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Nathan and Jaidyn Cranidge share more than just a surname – they also share a passion for helping others.
The father and son duo from Cleveland work together as wardies at Mater Private Hospital Redland.
Nathan, 46, started in 2001 – only months after the hospital opening – and has loved it from the very beginning.
“I was working as a welder but a friend of mine worked at the hospital and recommended the job. As far back as I can remember I have always wanted to work in a job that helps people, so this was a perfect opportunity for a career change,” Nathan said.
This Saturday, 20 August, is International Day of Medical Transporters or wardies as they are affectionately known at Mater.
Mater has more than 190 wardies working in its hospitals, supporting and assisting with the safe transfer and positioning of patients, setting up operating theatres, maintaining equipment – and reassuring anxious patients.
While the role is busy with Nathan walking an average of 25 000 steps a shift, the satisfaction of helping people makes it all worth it.
“The phone doesn’t stop ringing and I often joke that I’ve never needed a gym membership,” Nathan said.
“I have a lot of job satisfaction. At the end of every day, I go home feeling like I have helped someone, somehow. I really enjoy that.”
While some things have changed a bit since Nathan started 20 years ago, there one thing that’s stayed the same.
“The culture has never changed. There has always been a great culture here and the staff at Mater Private Hospital Redland are more like family,” Nathan said.
“And not just in my department, across the board too—you work with lots of the doctors, nurses, cleaners and admin and I’ve developed friendships throughout the hospital. I reckon I can name every team member here,” Nathan said.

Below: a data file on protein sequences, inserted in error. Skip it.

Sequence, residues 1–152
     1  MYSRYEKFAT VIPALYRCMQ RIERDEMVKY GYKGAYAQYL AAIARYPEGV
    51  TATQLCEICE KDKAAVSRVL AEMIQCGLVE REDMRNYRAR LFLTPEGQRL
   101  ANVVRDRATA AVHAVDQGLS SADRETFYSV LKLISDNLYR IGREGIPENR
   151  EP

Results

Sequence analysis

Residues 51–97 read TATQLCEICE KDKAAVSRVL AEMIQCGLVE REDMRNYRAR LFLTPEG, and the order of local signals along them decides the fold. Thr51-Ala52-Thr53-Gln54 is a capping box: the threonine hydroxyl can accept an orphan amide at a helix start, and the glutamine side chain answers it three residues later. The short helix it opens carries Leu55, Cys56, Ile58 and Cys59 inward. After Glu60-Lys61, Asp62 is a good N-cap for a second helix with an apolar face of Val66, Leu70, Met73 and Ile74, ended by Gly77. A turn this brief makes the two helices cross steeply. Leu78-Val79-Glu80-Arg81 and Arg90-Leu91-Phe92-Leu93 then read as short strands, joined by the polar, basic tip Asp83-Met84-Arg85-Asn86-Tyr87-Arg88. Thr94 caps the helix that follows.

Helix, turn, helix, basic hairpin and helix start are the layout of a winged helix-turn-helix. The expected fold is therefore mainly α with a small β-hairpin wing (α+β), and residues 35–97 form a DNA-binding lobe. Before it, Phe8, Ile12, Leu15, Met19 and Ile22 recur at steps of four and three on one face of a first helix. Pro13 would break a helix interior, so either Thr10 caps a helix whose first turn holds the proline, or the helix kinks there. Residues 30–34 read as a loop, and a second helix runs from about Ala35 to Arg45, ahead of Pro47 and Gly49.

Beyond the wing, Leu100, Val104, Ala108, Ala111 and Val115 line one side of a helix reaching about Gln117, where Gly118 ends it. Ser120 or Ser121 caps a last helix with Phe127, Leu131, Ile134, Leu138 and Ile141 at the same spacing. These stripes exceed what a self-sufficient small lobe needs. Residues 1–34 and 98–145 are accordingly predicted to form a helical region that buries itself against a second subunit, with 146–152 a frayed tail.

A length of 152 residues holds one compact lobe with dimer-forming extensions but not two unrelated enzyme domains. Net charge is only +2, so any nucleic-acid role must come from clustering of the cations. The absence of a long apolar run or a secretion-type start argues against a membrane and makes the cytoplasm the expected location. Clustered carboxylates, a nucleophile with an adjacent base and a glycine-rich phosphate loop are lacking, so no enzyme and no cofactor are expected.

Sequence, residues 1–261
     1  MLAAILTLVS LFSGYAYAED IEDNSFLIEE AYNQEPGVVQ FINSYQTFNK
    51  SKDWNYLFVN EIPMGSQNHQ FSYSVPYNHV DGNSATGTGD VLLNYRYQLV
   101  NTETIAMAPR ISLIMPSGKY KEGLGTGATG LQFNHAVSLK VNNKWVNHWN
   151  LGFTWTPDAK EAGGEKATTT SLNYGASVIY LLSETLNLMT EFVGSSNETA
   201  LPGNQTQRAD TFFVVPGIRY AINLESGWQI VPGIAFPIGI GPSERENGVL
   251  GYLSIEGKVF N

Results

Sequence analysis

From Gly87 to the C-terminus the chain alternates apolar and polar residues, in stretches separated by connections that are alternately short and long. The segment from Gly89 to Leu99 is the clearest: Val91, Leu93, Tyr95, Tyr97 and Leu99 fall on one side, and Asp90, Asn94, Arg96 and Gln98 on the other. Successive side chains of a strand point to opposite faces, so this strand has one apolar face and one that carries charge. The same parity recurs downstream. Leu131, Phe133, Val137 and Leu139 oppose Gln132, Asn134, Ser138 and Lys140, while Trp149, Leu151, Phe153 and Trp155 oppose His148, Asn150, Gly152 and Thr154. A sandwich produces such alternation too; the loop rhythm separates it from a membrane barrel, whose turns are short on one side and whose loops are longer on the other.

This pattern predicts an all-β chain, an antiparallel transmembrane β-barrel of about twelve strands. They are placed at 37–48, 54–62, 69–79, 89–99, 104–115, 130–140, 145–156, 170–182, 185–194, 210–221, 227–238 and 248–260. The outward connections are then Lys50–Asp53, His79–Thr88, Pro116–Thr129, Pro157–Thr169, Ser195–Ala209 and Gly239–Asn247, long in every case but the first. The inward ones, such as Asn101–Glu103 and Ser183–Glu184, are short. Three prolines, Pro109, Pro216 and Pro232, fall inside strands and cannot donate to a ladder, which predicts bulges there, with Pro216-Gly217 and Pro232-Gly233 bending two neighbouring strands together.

Jaidyn followed in his dads’ footsteps joining the team in 2019.
Nathan says it’s great working alongside Jaidyn.
“I can see a little bit of me in him. He picked it up quickly and he does a really good job. I’m very proud of him,” Nathan said.
When a job vacancy came up Jaidyn jumped at the opportunity to follow in his father’s footsteps.
“I obviously saw dad very happy with his career choice and I always loved when he would take me with him to the hospital when I was younger,” Jaidyn said.
“I’m loving it! The work is really satisfying and rewarding. I started a week after my first baby was born so it’s been great working with dad, there’s not much he doesn’t know after 20 years, but also as I have navigated my first few years of fatherhood. I couldn’t t ask for a better role model.
“It’s been a busy two and a half years but a great two and a half years.”
Jaidyn believes it’s about the people he meets that make each day special.
“Working in the surgical ward, we often see reoccurring patients, so it’s always nice when they remember you and you can be a familiar face for them,” Jaidyn said.
“I also love when you take expectant mothers from the maternity ward into theatres before a caesarean and they’re quite nervous and then when you’re bringing them back up to the ward with their new baby - it’s a very joyous moment.
While there may not be an ordinary day for a wardie, it’s fair to say being a wardie is anything but ordinary.
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